Most of the time when I'm trying to write the word Android, I get the confusion about it's spelling, like will it be Andorid or Android. So most of the time I was written wrong spelling. To overcome ...
8
votes
3answers
2k views

Is there a way to not mix up these words

I often mix up these words when I writing some short text quickly. than and then their and there this and these I also have some hesitation about usage of 'than' and 'then'. Is there a way that do ...
0
votes
2answers
8k views

Screenshoting Or Screenshotting?

Which one is correct? Screenshot is probably a noun. I screenshotting grammatically correct? or it's just screenshoting?
-1
votes
1answer
256 views

Use of loose and lose [closed]

Do we use loose or lose when a team has been defeated? For us to win the league,we must not loose/lose again. I've always used lose.But,so often I see alot of people using loose,am I the one who ...
39
votes
2answers
8k views

Why is “aircrafts” bad English, while “crafts” is okay?

I am puzzled by this. Why is "aircrafts" invalid, while "crafts" can be used legitimately? I've also heard that "crafts" cannot be used because the plural of "craft" is always "craft". Which is right?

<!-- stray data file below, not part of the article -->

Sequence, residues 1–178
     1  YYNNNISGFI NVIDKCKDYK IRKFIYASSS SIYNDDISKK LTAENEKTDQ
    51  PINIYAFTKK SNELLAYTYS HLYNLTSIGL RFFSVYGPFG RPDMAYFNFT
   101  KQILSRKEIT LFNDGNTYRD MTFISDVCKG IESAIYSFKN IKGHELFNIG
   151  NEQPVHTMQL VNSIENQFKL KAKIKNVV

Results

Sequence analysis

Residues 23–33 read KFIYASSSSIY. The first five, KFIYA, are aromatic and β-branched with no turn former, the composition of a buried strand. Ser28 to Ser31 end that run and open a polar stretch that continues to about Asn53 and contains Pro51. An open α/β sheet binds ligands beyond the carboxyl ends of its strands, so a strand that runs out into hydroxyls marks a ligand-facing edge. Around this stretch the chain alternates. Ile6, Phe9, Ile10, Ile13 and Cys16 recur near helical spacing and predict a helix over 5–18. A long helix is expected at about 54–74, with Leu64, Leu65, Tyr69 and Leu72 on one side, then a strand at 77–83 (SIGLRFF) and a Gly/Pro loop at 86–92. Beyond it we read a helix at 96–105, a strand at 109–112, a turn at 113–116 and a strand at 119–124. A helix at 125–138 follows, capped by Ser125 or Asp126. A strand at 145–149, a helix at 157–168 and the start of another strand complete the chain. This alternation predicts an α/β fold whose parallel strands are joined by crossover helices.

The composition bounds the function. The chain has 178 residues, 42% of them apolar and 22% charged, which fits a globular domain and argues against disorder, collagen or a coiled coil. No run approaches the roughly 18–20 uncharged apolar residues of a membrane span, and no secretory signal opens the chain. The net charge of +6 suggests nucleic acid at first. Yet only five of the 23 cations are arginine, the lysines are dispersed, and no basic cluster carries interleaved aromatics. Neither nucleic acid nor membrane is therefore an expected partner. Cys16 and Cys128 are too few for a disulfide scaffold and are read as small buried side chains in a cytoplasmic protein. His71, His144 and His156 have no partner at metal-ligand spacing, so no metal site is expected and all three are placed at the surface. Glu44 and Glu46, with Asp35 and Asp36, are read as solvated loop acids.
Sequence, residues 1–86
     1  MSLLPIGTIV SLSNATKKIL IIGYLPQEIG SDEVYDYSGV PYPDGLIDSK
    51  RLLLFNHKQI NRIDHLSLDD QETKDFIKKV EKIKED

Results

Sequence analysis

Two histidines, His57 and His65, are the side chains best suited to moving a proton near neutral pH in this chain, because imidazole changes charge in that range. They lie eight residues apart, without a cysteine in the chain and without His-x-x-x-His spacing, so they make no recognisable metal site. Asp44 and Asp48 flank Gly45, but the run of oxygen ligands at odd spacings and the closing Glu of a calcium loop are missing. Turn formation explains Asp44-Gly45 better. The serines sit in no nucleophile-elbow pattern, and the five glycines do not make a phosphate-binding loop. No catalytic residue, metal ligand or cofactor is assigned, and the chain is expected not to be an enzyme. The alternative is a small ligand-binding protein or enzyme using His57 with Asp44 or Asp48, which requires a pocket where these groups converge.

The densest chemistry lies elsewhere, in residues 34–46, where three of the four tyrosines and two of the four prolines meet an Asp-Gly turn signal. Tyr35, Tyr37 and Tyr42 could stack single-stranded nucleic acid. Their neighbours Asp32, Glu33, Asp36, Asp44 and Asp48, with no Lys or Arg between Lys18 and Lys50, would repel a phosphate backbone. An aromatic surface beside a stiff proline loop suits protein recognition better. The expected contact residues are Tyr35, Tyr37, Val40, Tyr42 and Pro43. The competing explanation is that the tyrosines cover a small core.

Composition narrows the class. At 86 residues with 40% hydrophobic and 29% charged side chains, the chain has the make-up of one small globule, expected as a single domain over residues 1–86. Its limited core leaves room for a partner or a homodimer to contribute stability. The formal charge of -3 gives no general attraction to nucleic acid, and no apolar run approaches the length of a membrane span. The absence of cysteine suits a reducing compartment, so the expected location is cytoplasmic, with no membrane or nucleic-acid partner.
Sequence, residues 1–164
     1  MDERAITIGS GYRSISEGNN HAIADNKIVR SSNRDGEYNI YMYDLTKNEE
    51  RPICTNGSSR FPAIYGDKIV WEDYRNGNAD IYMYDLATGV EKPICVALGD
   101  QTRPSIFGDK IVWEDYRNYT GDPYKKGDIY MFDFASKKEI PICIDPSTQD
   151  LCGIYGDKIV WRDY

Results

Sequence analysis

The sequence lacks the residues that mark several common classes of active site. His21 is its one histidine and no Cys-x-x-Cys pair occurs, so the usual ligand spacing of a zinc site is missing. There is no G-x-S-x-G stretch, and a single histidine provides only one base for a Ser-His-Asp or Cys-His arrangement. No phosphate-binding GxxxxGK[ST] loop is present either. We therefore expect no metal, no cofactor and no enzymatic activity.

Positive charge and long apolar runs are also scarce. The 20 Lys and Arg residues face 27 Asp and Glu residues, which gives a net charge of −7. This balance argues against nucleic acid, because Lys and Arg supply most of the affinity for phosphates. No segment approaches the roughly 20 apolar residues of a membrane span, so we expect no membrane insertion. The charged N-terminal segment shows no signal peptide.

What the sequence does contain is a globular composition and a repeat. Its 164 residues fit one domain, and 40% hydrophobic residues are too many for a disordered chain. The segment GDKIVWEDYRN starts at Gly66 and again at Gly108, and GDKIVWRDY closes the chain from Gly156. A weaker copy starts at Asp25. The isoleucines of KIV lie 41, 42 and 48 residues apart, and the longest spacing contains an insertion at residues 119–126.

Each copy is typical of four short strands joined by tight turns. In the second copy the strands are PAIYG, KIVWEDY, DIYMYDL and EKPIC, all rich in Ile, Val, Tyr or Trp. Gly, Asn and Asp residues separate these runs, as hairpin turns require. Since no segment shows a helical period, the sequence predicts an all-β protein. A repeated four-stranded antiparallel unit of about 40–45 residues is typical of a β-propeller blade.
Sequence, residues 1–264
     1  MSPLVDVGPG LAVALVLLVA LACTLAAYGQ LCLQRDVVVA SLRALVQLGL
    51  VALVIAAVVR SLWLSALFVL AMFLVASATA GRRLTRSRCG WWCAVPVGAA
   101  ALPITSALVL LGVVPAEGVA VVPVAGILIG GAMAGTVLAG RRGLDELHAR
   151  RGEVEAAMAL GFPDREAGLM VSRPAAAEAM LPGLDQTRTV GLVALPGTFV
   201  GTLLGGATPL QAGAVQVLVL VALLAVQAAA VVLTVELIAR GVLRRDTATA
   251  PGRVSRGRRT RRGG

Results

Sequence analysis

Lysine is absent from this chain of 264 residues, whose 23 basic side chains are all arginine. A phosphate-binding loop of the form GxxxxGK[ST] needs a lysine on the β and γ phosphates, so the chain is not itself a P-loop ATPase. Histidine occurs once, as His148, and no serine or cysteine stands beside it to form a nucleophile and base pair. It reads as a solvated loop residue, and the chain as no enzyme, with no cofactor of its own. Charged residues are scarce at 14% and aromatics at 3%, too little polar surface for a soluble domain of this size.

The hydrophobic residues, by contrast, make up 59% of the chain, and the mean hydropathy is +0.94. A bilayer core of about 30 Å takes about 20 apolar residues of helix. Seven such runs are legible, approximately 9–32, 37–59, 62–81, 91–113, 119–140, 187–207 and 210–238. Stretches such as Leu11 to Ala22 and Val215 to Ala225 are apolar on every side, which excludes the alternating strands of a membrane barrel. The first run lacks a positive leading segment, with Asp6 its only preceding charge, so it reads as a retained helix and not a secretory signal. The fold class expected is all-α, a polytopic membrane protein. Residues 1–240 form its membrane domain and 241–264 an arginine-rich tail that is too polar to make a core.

6
votes
2answers
4k views

Do we say something for affect or effect?

Do we say something for affect or effect? For instance, if I give the description of a round ball, it seems that the word round is redundant; however, I have chosen to combine those words "for affect/...
1
vote
1answer
79 views

What is the easiest way to remember where to use “could” and “would” while talking to someone?

Whenever I speak it gets confusing for me where to use "would" and "could". I want some easy tips on how to use it. I mean overall how to use this model verbs for the past sentences and for the ...
-2
votes
3answers
114 views

Continued help understanding affect/effect

I have done this for 2 decades now. I don't think I ever want to forget this again. Because of the confusion I am continuously questioning myself on it. I know that affect influences and effect is the ...
2
votes
2answers
146 views

Difference between “constitutional” and “constituent”

Should "constitutional" be changed to "constituent" in the following sentence? Or do both of them give the same meaning? The spectra indicate the removal of constitutional water from the octahedral ...
0
votes
1answer
1k views

Difference between “suspected”, “a suspect” and “suspicious” [closed]

What is the difference in meaning between suspected: have an idea or impression of the existence, presence, or truth of (something) without certain proof. suspicious having or showing a cautious ...